Meet the People: The Orthodox Church

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The God-Protected Empire

The adoption of Christianity as the Roman state religion in the 4th Century AD transformed both the Empire and the Christian Church.

Christians were no longer members of a minority sect, persecuted with varying degrees of enthusiasm by Roman authorities. Instead they found themselves the subject of official favour - The Emperor Constantine I was convinced the Christian god had promoted him in his rise to power and was determined to ensure on-going divine protection for his empire.

Constantine ensured that the interests of Church and State were closely identified with each other, in a symbiotic relationship that remained a defining characteristic of the Byzantine Empire. The church received numerous legal and financial dispensations and was permitted to play an active role in the Byzantine political and administrative framework. In return the Church was able to confer spiritual authority upon the Emperor and his government: No longer regarded as a demi-God himself, as in the old pagan Empire, the Emperor instead became Godís chosen representative on earth, guiding his people according to divine will.

The special metaphysical status of Byzantium, as part of of Godís overall design for humanity, was a vital component of the ideological glue which held the Empire together, sometimes in the face of extreme adversity. The special status of Christianity in the Empire also placed a premium upon the importance of "right" belief. Byzantines passionately debated the dual, human and divine, nature of Christ, the procession of the Holy Spirit, the status of religious icons as objects of devotion or worship, or whether it was possible achieve direct communion with God through meditation. Beginning with the Council of Nicaea, Ecumenical Church Councils were convened to pronounce upon such matters of religious controversy. Orthodoxy was defined according to the decisions and religious formulations made by these councils.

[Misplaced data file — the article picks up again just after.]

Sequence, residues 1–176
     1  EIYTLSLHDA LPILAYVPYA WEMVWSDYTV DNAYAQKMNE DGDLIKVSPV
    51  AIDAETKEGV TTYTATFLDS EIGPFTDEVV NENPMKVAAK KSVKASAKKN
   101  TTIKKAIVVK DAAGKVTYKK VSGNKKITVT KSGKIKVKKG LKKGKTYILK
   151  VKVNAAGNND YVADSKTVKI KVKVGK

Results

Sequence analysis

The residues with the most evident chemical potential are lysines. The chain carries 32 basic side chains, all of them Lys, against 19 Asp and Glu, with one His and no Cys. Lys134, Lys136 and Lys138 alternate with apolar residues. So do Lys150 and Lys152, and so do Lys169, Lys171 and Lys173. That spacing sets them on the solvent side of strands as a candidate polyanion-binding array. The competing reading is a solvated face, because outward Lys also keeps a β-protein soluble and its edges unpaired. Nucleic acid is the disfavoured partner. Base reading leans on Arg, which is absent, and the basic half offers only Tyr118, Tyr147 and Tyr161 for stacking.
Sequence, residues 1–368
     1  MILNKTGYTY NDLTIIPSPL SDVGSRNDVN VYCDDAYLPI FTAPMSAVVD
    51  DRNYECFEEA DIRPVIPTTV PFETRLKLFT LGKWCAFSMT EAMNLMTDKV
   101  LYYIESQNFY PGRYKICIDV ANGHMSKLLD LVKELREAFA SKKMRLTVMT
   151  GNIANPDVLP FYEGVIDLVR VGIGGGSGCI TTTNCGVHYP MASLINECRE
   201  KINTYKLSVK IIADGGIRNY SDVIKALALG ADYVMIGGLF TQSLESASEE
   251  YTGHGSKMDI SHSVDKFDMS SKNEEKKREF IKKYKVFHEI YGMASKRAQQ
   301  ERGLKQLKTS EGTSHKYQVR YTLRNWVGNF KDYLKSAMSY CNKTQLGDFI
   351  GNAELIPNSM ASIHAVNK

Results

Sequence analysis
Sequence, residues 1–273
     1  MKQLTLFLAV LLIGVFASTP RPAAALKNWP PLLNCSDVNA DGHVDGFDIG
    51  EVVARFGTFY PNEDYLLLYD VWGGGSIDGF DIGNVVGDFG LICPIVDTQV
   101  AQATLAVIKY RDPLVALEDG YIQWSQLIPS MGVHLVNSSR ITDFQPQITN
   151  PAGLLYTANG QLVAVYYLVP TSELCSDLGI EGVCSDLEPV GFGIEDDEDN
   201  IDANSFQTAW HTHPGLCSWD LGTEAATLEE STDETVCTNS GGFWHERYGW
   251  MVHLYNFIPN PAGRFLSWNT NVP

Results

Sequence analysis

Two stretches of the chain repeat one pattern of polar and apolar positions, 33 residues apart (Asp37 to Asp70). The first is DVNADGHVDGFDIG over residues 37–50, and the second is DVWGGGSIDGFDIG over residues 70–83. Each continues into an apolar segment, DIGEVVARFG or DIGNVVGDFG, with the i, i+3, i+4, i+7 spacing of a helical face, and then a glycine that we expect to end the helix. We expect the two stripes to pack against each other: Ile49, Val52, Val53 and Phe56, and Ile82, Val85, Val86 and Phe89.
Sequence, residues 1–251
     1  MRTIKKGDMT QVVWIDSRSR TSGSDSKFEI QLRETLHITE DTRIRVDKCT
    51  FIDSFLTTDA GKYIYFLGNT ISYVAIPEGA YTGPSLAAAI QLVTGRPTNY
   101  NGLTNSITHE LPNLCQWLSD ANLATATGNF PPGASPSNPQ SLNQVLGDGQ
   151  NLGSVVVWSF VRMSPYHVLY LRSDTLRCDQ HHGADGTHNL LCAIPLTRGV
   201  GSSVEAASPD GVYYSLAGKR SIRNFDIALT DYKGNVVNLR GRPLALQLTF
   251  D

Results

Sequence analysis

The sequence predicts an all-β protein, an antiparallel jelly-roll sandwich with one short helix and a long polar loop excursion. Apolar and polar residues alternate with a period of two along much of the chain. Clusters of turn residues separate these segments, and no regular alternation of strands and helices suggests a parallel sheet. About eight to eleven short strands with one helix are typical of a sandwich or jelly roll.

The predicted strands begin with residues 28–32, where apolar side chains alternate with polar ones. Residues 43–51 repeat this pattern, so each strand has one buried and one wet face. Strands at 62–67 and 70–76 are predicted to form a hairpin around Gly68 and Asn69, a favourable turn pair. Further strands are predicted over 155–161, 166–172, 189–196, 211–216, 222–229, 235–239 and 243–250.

The Orthodox Church imitated early the organisation of the secular Empire. The Patriarch of Constantinople was the Churchís formal leader. He was also quite literally the Emperorís next door neighbour - the Patriarchal residence was situated near the Great Palace. Throughout the Empire every provincial city or town possessed a bishop who was ultimately answerable to the Patriarch and who ran an adminstrative and judicial framework which paralleled the state bureaucracy.

Significant numbers of Byzantine men and women became monks and nuns, either as a lifetime vocation, as a retirement option, or as a sometimes forced refuge from political disgrace. Monasteries became powerful institutions in their own right, with significant land holdings and social prestige. Leading monks, such as Theodore of Studios, were sometimes able to organise resistance against the Imperial Government on political or religious matters. Although Byzantium maintained a strong secular educational tradition, some monks and nuns were also noted for their devotion to learning - monasteries maintained "Scriptoria", where skilled writers and copyists produced books, the most precious of all medieval commodities.

From a late twentieth-century perspective it is difficult to fully understand the pervasive influence of religion upon the Byzantine thought-world. Byzantines did not conceive of God and the supernatural world as something remote or unreal: the reality of God and His intercessors, Christ, the Virgin Mary, the Archangels, the Saints, was taken for granted and readily assimilated by even the most worldly and rational members of Byzantine society. Byzantine religious devotion consequently placed a premium upon direct personal contact with the supernatural world and possessed a mystical, meditative quality that set it apart from Western forms of worship.

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